Kw’umut Lelum Foundation

An Indigenous-led community foundation centering Coast Salish Protocol and supporting nations and community-based solutions that uplift culture, language and well-being.

About us

As one of only a few Indigenous-led community foundations across the lands called canada, Kw’umut Lelum Foundation (KLF) is deeply committed to embedding Coast Salish protocol into its granting. 

KLF emerged through a collaboration between nine Coast Salish member nations from the Malahat to Qualicum. “These nations have been working together and governing their own child welfare for 25 years,” KLF Executive Director, Ha-Youly (Sharon Hobenshield), proudly shared. “Sovereignty is most important, and these nations have a strong history of collaboration and shared vision. Through the foundation, we are investing in forward thinking programming and taking a holistic approach to support sovereignty, community and culture,” Ha-Youly described. 

Read more about the nine member nations.

Kw’umut Lelum – which translates to house of bringing up children – started taking charge of children in care decades ago, ensuring that their young people were supported, and working to make sure they knew their heritage and culture. In this work, they kept coming up against funding restrictions that were contrary to Coast Salish teachings that uphold inclusivity and looking after everyone. 

Working together, the nations started to invest in programming that focused on prevention, solutions, and health and wellness that truly served their children and communities. They offered drumming circles and culture camps that connected people and place and built a service model that supported families. To increase access to charitable funds and maintain their own decision-making, they eventually created a foundation and that is how KLF came to be.

Sharing her passion for what is possible, Ha-Youly says, “Indigenous-led community foundations can start to support longer-term solutions and investments so we aren’t only looking at the short-term and stuck dealing only with crises as they arise. Our communities have the solutions, we just need the resources to support long-term initiatives.” 

After nearly one year of work, KLF is getting ready to start granting through a combination of scholarships, language arts and culture grants, and a community request fund. With the latter, each of the nine nations will have the opportunity to bring forward their ideas for initiatives that will benefit their communities in a way that heeds their wisdom and respects their autonomy. At the heart of the foundation’s priorities are: transparency, protocol, health and wellness and youth.

KLF is committed to inviting applications according to Coast Salish protocol and practicing trust-based philanthropy with the nine member nations. The foundation is a catalyst between community, culture, and sovereignty and is committed to growing the foundation and supporting transformative work on the lands now known as Vancouver Island.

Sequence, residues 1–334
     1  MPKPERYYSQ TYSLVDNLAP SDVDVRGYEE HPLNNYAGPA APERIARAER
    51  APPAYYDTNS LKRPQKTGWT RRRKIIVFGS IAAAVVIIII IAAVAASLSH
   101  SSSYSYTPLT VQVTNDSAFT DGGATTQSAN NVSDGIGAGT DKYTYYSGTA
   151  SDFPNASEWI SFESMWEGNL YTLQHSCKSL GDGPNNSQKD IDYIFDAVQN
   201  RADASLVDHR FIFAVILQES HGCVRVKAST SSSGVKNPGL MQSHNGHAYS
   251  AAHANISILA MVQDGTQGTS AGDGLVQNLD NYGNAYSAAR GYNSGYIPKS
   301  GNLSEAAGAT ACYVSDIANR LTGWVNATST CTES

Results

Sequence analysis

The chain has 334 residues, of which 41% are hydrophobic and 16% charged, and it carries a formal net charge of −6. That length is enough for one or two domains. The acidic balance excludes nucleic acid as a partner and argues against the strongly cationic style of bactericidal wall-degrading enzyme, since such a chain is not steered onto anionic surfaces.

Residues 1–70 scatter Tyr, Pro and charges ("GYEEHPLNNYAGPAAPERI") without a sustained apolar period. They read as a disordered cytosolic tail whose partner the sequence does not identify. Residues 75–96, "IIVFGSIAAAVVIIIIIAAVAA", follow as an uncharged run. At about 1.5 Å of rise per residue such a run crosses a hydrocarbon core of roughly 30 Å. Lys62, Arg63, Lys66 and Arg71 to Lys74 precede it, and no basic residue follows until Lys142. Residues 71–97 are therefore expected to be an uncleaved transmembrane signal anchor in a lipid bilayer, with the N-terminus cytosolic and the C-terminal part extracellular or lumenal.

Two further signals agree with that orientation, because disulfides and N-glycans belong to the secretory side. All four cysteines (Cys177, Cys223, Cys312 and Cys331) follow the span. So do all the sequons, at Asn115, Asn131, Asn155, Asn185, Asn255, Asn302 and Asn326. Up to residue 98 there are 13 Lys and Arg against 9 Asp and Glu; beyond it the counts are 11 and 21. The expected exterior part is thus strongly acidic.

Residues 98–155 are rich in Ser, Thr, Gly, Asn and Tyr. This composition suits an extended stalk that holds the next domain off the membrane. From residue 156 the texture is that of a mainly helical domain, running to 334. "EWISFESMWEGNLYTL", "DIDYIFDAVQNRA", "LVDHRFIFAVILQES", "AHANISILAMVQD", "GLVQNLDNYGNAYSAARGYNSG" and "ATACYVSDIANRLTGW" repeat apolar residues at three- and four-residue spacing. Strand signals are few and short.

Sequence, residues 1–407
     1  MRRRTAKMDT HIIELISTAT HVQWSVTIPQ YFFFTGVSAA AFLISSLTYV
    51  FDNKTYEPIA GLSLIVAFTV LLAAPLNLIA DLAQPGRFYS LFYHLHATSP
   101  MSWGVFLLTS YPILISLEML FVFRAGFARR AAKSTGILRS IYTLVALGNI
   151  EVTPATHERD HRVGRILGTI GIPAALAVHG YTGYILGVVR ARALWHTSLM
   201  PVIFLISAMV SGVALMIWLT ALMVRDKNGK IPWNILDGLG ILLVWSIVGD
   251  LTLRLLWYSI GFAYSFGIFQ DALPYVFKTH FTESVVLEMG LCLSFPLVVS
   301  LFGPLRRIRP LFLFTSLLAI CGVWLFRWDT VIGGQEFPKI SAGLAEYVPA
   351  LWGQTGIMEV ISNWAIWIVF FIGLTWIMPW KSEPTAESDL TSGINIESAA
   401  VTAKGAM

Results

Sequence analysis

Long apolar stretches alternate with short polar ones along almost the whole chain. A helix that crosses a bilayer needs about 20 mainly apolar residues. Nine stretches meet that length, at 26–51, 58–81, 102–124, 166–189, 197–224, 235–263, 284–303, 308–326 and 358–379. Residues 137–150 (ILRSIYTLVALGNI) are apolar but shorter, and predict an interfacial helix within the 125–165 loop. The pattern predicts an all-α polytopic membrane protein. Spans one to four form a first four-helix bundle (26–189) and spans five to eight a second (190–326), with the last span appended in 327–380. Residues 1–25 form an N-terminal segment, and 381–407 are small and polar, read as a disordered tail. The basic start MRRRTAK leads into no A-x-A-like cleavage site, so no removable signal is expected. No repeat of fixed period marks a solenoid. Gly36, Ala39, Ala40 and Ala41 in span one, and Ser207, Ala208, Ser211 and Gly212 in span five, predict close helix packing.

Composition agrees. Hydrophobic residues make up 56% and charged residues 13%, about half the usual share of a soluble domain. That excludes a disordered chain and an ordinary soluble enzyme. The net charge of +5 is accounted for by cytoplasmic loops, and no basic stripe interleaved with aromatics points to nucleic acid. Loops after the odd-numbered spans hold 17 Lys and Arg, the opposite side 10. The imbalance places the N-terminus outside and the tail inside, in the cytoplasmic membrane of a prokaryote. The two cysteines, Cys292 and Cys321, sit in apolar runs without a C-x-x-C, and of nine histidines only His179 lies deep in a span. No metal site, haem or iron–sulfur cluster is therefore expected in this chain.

Mission + Purpose + Values

  • Investing in the future through Indigenous-led collaborations that open pathways, power, and potential
  • Creating transformational change by expanding cultural, economic, social, educational and recreational access
  • Working hand-in-hand as nine powerful Nations through purposeful collaborative actions with external partners

We exist to connect commitment with limitless potential. We collaborate with a vibrant community of private and public donors, united in our efforts to expand cultural, economic, social, educational and recreational access in support of Indigenous children and their families.

Uy’ ya’tulct ci’cuwatulct
Walking hand-in-hand in a good way

Stitumstuxw tun shqwuluwun

Xwunuts’amaat uw’ muqwstem 

Kw’umut Lelum Foundation


Federally incorporated charity

Geographic Region

Coast Salish Territories


Child welfare, Collaborative, Community foundation, Education, Health and wellness, Indigenous youth, Indigenous-led, Self-determination, Upstream approach

How Kw’umut Lelum Foundation upholds United Nations Declaration on the Rights of Indigenous Peoples (UNDRIP)

Article 3
Indigenous peoples have the right to self-determination. By virtue of that right they freely determine their political status and freely pursue their economic, social and cultural development.

Article 18
Indigenous peoples have the right to participate in decision-making in matters which would affect their rights, through representatives chosen by themselves in accordance with their own procedures, as well as to maintain and develop their own indigneou decision-making institutions.

There are 46 Articles within the Declaration and they are all interrelated. The above list is not exhaustive but makes direct links between UNDRIP and this organization.

similar organizations

Fort William First Nation
Atlantic Coast (HQ in Nova Scotia)
Tkaronto (with a cross-canada network)
Fort William First Nation
Atlantic Coast (HQ in Nova Scotia)

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Organization Name:
Kw’umut Lelum Foundation